Have you ever regretted speaking out on the spur of the moment? Have you wished that you had counted to 10, 20, 100 or maybe 10,000 before reacting? A journal, diary, or just writing something down to be reread later permits one to come back after a delay and reassess your original thoughts.
I can recall cases where the words spoken or written by others have seemed so offensive, that my first response was to react in anger and counterattack spontaneously. Sometimes, I did and almost always regretted it later, but several times I have used the written page to summarize my reactions, counter arguments, and bruised emotions. Then I delayed sending the material to anyone, sometimes for several days or longer. In every case I subsequently realized I needed to express myself differently so as to solve the problem rather than sooth my wounded ego. Generating a peaceful dialogue is not always easy nor is it as satisfying as an immediate counterattack, but in the long run it is always more profitable. Maybe we should all keep a file of “letters or messages better not sent.” I feel the messages not sent are an important part of diplomacy which allows dialogue to continue. Today, it seems all too common for people to say things about others that are “unforgivable”.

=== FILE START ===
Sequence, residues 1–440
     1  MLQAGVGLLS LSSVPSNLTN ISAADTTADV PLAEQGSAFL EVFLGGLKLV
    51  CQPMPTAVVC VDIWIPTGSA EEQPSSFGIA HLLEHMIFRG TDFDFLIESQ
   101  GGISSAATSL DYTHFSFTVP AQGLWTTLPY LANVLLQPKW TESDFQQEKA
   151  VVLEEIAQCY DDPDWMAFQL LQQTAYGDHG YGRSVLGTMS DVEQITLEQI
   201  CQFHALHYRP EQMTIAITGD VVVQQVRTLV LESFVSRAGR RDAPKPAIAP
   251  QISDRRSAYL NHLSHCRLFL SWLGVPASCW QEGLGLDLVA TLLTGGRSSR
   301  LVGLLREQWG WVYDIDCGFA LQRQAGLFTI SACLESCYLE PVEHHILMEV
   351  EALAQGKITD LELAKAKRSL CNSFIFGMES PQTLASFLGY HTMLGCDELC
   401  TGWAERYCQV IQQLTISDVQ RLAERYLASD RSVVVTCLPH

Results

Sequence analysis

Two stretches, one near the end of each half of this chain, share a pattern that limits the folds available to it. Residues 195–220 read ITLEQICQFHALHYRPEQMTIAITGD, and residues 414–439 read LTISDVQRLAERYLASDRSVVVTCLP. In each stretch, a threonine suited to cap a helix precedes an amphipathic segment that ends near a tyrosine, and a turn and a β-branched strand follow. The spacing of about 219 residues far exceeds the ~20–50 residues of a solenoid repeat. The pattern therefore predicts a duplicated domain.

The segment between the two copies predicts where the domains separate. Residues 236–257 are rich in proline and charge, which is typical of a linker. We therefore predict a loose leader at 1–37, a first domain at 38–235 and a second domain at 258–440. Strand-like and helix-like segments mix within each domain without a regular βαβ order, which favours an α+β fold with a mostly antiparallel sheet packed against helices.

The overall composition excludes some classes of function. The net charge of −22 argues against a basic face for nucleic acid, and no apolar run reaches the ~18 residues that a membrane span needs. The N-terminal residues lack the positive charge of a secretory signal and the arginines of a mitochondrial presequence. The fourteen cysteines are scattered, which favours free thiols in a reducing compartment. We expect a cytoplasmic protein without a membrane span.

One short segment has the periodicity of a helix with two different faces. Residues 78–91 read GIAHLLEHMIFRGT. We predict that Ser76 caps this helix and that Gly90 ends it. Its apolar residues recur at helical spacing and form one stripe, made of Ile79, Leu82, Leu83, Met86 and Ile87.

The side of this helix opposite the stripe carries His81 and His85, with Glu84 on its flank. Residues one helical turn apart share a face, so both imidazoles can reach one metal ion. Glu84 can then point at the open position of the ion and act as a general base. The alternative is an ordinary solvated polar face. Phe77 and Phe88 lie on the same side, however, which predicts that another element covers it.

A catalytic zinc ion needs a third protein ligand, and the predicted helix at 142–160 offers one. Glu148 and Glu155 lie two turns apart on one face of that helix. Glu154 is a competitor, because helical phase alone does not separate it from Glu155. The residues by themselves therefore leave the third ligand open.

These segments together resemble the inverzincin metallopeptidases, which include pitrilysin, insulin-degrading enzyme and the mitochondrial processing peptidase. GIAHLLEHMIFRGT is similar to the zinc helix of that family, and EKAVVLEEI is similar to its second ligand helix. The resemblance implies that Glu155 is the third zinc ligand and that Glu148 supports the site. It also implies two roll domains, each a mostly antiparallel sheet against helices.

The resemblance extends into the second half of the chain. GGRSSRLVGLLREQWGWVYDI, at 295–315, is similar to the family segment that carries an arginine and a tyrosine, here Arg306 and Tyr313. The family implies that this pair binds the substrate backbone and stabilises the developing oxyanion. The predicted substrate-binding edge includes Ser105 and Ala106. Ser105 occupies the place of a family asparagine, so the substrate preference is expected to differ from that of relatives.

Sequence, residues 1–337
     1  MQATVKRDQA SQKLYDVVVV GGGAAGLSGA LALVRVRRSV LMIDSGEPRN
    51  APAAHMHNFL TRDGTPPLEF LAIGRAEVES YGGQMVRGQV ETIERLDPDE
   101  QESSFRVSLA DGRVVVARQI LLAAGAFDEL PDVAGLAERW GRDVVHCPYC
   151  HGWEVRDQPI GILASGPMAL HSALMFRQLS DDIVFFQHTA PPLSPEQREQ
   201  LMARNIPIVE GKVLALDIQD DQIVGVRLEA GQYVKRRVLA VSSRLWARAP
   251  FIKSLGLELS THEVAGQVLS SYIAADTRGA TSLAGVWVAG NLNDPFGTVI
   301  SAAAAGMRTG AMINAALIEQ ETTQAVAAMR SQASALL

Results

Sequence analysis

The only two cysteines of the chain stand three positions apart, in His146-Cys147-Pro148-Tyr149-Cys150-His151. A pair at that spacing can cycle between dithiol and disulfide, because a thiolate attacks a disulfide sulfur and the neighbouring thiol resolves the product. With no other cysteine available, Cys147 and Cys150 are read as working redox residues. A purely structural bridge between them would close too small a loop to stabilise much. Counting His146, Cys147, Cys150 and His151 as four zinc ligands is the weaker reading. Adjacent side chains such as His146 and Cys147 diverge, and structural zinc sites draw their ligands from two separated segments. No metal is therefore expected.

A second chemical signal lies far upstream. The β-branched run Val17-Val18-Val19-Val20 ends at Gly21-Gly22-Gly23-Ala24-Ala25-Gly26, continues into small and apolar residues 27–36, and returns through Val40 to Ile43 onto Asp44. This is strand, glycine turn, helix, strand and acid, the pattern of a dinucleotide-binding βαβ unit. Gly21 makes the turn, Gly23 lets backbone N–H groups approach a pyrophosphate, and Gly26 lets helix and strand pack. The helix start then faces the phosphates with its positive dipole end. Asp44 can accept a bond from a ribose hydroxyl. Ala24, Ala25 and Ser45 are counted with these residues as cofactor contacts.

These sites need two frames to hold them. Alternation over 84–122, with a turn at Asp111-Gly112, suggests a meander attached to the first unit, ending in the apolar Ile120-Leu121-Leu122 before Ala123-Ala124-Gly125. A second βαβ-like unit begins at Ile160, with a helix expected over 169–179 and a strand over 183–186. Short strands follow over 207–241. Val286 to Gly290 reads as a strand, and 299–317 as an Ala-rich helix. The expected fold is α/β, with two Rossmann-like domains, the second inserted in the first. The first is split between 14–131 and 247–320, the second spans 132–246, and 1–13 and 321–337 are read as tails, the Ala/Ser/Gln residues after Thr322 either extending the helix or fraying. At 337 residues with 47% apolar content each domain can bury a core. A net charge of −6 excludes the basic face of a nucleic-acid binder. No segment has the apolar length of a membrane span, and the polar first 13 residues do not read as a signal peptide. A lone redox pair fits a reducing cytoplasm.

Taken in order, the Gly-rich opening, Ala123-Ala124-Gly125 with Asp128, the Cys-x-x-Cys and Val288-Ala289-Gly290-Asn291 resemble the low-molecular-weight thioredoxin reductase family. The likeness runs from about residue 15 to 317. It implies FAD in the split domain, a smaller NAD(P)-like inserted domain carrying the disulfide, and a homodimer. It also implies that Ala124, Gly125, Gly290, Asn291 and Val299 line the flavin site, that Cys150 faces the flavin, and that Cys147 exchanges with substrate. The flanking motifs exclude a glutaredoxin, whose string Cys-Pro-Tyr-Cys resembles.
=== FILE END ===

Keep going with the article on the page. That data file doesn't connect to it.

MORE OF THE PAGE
Another advantage of a journal whether kept daily, monthly, or even yearly, is it provides the opportunity to summarize and evaluate one’s own contributions, productivity and service over the intervening period. Frankly, I am often pleasantly pleased when I prepare my family Xmas newsletter to distribute among friends and relatives that by identifying the many accomplishments and contributions that had gotten lost in the clutter of daily living there is ample reason to be happy. Some of these seem small when considered individually, but when brought together suggest a life well lived. In a similar manner it can be satisfying to recall by writing them down all the small victories in interpersonal relationships, in services to the needy, in acknowledgement of service by and to others, and that all is not “Full of Doom, Gloom and rumors of Boom” as remarked by Deacon Mushrat to Pogo Possum in the famous Walt Kelly comic strip.